Of course, you inevitably get those students who say "I don't need to use plastic wrap; I'm going to do it directly on my skin." Ok- well then go for it, I always say, then watch with glee when they stuggle to remove the cast! Mwuahahaha! Actually, you can do it this way without much incidence as long as you cover all the skin with a thick layer of petroleum jelly. And I've never once had a student have an allergic reaction to the plaster. I keep hand lotion in the room for everyone to use because your skin gets really dry from the plaster.

              

Do two-three layers of plaster, smoothing as you go along. A paint brush helps with this. Let sit to harden (10 minutes or so) and then carefully remove the cast. Some students wrapped their entire hand and then had to carefully use scissors to remove it. I found I really didn't have to help them much- it was very much a 'figure it out as you go along' type of project. The students did quite well constructing these and fixing any problems they encountered. Any fingers that were loose or broke off just had to be re-attached with more plaster.

Once the cast is off the hand and still somewhat damp, students can further smooth it out and add bit of plaster to any thin areas. You don't want to do this the next class when the cast is bone dry, though, as new plaster doesn't stick that well to old plaster.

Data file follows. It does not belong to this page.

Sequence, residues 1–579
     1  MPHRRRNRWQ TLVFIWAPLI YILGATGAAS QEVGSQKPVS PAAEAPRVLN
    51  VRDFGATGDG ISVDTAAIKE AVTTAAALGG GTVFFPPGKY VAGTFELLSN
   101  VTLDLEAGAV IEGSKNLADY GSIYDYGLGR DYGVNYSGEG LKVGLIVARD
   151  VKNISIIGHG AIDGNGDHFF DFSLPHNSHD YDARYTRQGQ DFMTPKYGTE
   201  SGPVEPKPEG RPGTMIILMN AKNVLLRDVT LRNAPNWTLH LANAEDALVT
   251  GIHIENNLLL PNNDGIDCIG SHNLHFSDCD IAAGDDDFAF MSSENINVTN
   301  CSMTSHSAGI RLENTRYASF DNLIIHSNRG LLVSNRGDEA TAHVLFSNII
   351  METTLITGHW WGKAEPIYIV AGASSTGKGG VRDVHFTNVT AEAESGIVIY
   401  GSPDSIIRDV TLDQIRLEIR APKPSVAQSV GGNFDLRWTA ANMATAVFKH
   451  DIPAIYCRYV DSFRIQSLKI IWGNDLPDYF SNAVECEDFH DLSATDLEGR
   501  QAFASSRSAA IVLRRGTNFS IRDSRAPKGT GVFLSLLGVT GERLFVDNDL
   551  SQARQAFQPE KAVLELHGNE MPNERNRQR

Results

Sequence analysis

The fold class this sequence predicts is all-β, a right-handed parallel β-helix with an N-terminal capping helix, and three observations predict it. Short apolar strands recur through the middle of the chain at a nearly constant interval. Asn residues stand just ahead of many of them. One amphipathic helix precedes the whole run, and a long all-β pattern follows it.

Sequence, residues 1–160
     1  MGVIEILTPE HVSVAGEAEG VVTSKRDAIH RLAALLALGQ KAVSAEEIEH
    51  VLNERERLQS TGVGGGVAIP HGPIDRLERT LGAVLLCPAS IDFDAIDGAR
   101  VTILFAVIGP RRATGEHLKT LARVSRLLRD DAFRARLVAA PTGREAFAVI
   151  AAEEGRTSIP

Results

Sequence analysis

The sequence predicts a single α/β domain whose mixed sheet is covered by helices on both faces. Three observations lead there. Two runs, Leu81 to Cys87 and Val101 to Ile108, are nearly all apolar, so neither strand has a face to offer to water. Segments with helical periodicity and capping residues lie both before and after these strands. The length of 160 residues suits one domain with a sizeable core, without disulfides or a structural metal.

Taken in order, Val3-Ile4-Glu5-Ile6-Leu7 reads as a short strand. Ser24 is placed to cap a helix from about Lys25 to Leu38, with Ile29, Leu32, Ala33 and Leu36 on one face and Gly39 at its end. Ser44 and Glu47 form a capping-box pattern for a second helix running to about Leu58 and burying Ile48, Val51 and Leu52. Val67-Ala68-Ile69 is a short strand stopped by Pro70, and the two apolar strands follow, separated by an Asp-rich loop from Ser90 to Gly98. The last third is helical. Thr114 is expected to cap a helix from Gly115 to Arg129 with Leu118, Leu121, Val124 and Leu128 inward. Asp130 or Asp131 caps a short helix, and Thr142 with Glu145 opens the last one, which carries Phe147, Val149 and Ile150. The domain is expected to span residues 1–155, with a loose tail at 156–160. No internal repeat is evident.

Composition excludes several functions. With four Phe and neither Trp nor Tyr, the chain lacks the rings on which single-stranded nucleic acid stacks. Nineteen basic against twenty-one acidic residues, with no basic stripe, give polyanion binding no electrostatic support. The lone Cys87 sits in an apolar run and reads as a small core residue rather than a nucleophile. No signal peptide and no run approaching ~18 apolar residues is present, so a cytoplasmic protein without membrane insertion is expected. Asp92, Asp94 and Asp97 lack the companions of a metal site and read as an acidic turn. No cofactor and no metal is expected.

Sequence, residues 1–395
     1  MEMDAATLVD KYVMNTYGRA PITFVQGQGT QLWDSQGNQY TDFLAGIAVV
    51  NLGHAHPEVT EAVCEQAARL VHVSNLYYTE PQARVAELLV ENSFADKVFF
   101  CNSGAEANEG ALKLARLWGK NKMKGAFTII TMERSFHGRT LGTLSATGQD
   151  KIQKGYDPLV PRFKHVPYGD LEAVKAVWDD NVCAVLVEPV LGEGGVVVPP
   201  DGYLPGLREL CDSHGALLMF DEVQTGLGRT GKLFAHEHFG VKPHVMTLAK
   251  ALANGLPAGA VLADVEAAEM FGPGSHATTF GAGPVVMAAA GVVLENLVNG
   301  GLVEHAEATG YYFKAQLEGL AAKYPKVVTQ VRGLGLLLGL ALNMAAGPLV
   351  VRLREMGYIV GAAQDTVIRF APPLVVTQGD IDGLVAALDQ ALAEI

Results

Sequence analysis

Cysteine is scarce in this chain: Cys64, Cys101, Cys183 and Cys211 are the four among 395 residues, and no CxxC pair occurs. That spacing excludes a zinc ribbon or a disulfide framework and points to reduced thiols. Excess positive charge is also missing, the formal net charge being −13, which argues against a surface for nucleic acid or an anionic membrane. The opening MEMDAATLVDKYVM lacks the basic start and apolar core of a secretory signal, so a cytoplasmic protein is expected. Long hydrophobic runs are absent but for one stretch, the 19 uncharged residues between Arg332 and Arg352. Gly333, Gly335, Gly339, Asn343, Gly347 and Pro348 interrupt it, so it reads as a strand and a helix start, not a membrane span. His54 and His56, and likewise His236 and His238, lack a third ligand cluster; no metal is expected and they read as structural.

Smoothing out her cast with damp fingers and a paintbrush.

For the faces, we used plastic multicultural face molds that I ordered from Dick Blick here.
They're quite small; I wish they would make them bigger. 

Once the casts were made, students created their bases out of scrap cardboard and foam core. The foam core seemed to work better and warped less. Plaster over the entire base and either plaster on the casts or hot glue them. Once dry, students could leave their sculpture white or add a bit of colour with acrylic paint. Some students added extra accessories to further their message. Finally, students needed to write an artist statement and a reflection about the entire process.

Here are some of the Grade 9/10 results. I was really happy with the variety of messages the students thought of, and they all reflected their personalities.
Most of these are ESL/EAL students- having English as their second or third language.


"I mainly wanted to express the values of love and of communication through my art.